Tuesday, May 21, 2013
Angels and Tomboys: Girlhood in Nineteenth-Century American Art
The hopes, dreams and fears of girls in the 19th century were
explored in an exhibition which opened at the Newark Museum on Sept. 12, 2012.
Featuring masterworks by John Singer Sargent, Thomas Eakins, Winslow
Homer, Cecilia Beaux and William Merritt Chase, Angels & Tomboys:
Girlhood in 19th-Century American Art explores the numerous ways artists
not only reflected but helped shape cultural and artistic visions of girlhood
in the 1800’s.
“While girls were typically portrayed as innocent, passive and domestic
throughout the 19th century, the exhibition investigates compelling and
alternative female images including tomboys, working children and
adolescents,” said Mary Sue Sweeney Price, Museum Director and CEO.
Among the themes that are explored are Victorian attitudes towards the
nature and nurture of children; the association of girls with fashion, health
and home; and the impact of the Civil War on families.
Organized by Dr. Holly Pyne Connor, Curator of 19th-Century American Art
at the Newark Museum, the exhibition is comprised of more than 80 works
from the Museum’s renowned American art collection and from other major
institutions across the country. The exhibition was on view through January 7,
2013, and then traveled to the Memphis Brooks Museum of Art from
February 16 to May 26, 2013, and will be shown at the Crystal Bridges
Museum of American Art, Bentonville, Arkansas, from June 28 to September 30, 2013.
Ammi Phillips “Girl in Pink”
Ammi Phillips “Boy in Red”
Ammi Phillips “Girl in a Red Dress” c. 1835. Oil on canvas
Abbott Handerson Thayer “Angel”
Fanny Travis "A Little Girl"
Eastman Johnson “The Party Dress” (1872)
“Lotus Lilies” c.1888-Charles Courtney Curran
“Crossing the Brook” c. 1874- John George Brown
Interesting reviews here and here and here.
Hardcover smyth-sewn casebound book, with jacket. 184 pages, 8½ x 11 inches. Over 100 full-color reproductions. Includes Exhibition Checklist and Index.
Features over 100 full-color reproductions from the finest American art collections.
In the aftermath of the Civil War, the American girl seemed transformed—at once more introspective and adventurous than her counterpart of the previous generation. She took center stage in the stories of Louisa May Alcott and Henry James at the same moment that contemporary painters, illustrators, photographers, and sculptors asked her to pose. For the first time, girls claimed the attention of genre artists, and girlhood itself seized the imagination of the nation. Although the culture still prized the demure female child of the past, many saw a bolder type as the new, alternate ideal. Girlhood was no longer simple, and the complementary images of angel and tomboy emerged as competing visions of this new generation.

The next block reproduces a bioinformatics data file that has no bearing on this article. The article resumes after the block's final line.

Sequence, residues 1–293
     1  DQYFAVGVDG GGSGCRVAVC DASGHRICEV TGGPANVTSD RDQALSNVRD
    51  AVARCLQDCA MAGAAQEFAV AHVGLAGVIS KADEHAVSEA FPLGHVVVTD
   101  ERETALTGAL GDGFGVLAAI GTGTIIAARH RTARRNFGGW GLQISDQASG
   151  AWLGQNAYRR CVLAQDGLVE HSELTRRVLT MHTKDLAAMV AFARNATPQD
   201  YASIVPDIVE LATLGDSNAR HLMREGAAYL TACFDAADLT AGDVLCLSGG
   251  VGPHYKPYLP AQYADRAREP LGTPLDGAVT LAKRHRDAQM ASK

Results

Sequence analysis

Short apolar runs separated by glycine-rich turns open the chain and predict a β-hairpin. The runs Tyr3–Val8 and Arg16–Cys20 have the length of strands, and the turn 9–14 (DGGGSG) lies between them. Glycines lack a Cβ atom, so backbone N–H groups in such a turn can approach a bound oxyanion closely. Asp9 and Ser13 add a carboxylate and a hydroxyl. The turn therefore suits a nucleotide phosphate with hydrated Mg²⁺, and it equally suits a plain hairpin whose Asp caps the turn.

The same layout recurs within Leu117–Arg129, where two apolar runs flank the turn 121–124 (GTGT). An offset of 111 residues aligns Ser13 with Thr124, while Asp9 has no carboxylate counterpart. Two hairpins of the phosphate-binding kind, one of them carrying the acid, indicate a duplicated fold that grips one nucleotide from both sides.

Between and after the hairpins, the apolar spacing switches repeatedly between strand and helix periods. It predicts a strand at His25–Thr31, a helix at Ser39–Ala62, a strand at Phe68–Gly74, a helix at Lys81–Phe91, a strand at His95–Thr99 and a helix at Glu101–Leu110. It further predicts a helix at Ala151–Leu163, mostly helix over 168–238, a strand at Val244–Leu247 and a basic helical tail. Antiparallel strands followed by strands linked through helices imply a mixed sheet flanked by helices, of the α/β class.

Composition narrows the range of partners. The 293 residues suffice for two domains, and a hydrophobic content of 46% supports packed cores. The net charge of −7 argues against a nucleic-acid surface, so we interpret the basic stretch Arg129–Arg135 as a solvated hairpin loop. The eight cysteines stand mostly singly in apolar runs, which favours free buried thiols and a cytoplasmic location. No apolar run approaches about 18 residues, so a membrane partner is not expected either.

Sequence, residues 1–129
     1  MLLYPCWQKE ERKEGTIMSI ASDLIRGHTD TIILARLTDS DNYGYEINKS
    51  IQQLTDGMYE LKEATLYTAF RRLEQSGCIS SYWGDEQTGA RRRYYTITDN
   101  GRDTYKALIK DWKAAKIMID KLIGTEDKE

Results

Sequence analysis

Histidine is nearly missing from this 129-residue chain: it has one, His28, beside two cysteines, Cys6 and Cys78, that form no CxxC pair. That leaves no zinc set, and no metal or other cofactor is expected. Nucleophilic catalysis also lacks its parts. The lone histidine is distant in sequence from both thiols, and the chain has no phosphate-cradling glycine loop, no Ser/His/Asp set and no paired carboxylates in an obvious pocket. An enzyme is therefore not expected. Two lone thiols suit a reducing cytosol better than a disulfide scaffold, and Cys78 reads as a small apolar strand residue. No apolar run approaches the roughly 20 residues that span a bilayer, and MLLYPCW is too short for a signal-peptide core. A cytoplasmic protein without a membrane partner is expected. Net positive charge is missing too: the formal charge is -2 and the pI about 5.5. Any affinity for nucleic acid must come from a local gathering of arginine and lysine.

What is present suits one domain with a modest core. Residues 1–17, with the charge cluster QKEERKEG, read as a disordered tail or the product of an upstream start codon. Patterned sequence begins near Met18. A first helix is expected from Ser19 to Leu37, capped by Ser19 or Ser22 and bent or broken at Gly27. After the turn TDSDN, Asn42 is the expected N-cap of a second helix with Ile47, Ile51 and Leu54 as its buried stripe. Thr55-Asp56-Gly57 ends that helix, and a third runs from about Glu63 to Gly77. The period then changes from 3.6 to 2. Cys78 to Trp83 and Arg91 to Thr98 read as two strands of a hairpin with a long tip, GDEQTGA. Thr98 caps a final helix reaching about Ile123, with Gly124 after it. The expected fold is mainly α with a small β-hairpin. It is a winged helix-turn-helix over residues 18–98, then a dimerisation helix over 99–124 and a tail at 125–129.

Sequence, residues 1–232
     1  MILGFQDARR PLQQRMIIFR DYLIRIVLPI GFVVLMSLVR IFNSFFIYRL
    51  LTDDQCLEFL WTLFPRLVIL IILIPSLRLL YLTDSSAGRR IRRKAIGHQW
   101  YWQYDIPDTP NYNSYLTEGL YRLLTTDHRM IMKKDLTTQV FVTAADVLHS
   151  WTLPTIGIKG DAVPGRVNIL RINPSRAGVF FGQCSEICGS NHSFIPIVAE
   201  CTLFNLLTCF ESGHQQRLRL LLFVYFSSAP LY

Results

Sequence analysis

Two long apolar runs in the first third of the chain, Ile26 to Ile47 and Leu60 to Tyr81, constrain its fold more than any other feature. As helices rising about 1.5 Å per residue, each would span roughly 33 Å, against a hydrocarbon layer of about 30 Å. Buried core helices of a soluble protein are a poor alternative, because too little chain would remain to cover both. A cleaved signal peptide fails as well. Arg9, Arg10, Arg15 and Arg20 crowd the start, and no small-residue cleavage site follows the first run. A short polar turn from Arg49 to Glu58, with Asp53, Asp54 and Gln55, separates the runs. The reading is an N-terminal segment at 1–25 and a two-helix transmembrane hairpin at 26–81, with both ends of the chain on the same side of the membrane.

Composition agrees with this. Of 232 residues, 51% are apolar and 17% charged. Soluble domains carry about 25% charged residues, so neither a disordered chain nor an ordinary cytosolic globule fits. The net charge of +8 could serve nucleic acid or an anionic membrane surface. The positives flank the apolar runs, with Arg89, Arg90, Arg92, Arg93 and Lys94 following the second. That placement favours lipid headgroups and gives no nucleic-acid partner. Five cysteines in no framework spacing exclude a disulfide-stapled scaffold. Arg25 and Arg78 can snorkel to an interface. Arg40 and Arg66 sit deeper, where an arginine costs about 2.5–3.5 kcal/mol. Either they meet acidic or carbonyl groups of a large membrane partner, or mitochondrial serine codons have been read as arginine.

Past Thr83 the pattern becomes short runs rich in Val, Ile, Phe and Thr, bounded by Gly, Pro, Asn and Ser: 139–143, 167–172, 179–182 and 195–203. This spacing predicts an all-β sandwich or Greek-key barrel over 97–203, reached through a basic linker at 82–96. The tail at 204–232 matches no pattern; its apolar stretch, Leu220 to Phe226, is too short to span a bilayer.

Published in conjunction with the traveling exhibition organized by the Newark Museum, Angels and Tomboys: Girlhood in Nineteenth-Century American Art explores the myriad ways artists portrayed young girls, from the sentimental, innocent stereotype to the freespirited individual. Works by John Singer Sargent, Winslow Homer, and Thomas Eakins, together with those by leading women artists, such as Cecilia Beaux and Mary Cassatt, reveal a new, provocative psychological element not found in early Victorian portraiture, while the mischievous tomboys in Lilly Martin Spencer’s paintings and the pure angels in the works of Abbot Handerson Thayer underscore the complexity of girlhood—and of representing that evanescent phase.
Essays by Holly Pyne Connor, Barbara Dayer Gallati, Sarah Burns, and Lauren Lessing consider the historical, social, and literary contexts of the artworks, drawing on sources as varied as etiquette books, poems, censuses, and the histories of medicine and economics. With more than 130 illustrations—including paintings, sculptures, prints, and photographs—this publication is an illuminating exploration of what it meant to be young, female, and American in the nineteenth century.
The nationally traveling exhibition visits the Newark Museum, Newark, NJ (Sept. 12, 2012–Jan. 6, 2013), the Memphis Brooks Museum of Art, Memphis, TN (Feb. 16–May 26, 2013), and the Crystal Bridges Museum of American Art, Bentonville, AR (June 28–Sept. 30, 2013).
About the Authors
HOLLY PYNE CONNOR is the Curator of Nineteenth-Century American Art at the Newark Museum. She cocurated Picturing America (2001), the ground-breaking exhibition of the Newark Museum’s permanent collection, and organized and coauthored Off the Pedestal: New Women in the Art of Homer, Chase, and Sargent (2006) and Small but Sublime: Intimate Views by Durand, Bierstadt and Inness (2006).
With Contributions By:
SARAH BURNS is Professor Emerita, School of Fine Arts at Indiana University. She is the author of Pastoral Inventions: Rural Life in Nineteenth-Century American Art and Culture (1989), Inventing the Modern Artist: Art and Culture in Gilded Age America (1996), and Painting the Dark Side: Art and the Gothic Imagination in Nineteenth-Century America (2004).
BARBARA DAYER GALLATI is Curator Emerita of American Art at Brooklyn Museum. She is the author of William Merritt Chase (1995), Great Expectations: John Singer Sargent Painting Children (2004), and Making American Taste: Narrative Art for a New Democracy (2011), and a coauthor of Winslow Homer: Illustrating America (2000) and Kindred Spirits: Asher B. Durand and the American Landscape (2007).
LAUREN LESSING is Mirken Curator of Education at Colby College Museum of Art. She is the author of “Ties that Bind: Hiram Powers’ Greek Slave and Nineteenth-Century Marriage,” American Art (Spring 2010), “New Perspective: Rereading Seymour Joseph Guy’s Making a Train,” American Art (Spring 2011), and “Angels in the Home: Adelicia Acklen’s Sculpture Collection at Belmont Mansion,” Winterthur Portfolio (Spring 2011).